School, but not as you know it
Mechai Viravaidya's unconventional boarding school in Buri Ram is drawing interest from across Thailand for its unique approach to student development
'School is a diamond," uttered Mechai Viravaidya. "But all we have ever done is use it as a glass."
A school, in his view, is a vessel that moulds students into a uniform shape instead of building something more out of it.
Video by Melalin Mahavongtrakul
To general Thai people, Mechai may be known as "Mr Condom" for his work in promoting the use of the contraceptive back in the 70s. Some may call him Kobori, the leading man of the 1970 melodrama Sunset In Chaophraya, which he starred in. He also founded the Population and Community Development Association in 1974 to counter the country's then alarming population growth. In the 80s, he had his role in combating the prevalence of HIV and Aids. A handful of positions within the Thai government topped the whole journey.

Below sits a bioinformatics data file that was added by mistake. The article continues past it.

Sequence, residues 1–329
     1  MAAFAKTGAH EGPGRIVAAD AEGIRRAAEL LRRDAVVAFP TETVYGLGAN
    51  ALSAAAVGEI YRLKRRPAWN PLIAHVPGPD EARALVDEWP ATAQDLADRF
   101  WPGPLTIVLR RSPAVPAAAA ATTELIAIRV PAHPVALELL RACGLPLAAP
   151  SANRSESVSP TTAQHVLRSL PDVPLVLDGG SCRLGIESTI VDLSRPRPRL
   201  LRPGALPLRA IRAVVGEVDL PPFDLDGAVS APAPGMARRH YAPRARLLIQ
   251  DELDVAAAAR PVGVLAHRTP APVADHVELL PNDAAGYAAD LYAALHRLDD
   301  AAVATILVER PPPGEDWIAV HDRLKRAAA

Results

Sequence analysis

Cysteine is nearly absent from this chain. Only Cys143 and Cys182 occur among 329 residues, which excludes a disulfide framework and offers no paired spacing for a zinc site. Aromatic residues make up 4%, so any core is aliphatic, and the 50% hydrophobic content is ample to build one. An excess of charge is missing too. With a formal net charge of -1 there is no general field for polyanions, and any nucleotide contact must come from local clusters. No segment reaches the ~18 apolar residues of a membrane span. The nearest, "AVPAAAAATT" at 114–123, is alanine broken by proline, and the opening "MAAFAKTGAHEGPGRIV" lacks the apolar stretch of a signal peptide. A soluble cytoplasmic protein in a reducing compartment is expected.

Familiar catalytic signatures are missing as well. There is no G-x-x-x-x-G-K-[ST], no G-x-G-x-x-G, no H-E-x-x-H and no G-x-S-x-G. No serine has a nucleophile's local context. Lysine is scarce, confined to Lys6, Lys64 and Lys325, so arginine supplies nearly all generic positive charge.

One of the vegetable plantations. (Photos by Melalin Mahavongtrakul)
Since 2008, he has been taking one of the most challenging roles in reshaping Thai education by establishing Mechai Bamboo School in Buri Ram province.
He intended the place to be an alternative form of educational institution where students and staff focus not on numeral and literacy skills, but rather on life and occupational skills, which he feels is more dynamic and relevant to our current society.
"There are almost 40,000 schools in Thailand, and millions in the world. People just don't use school to its full potential, not its land, buildings or staff," said Mechai, 76.
A student plays with a school goat. Melalin Mahavongtrakul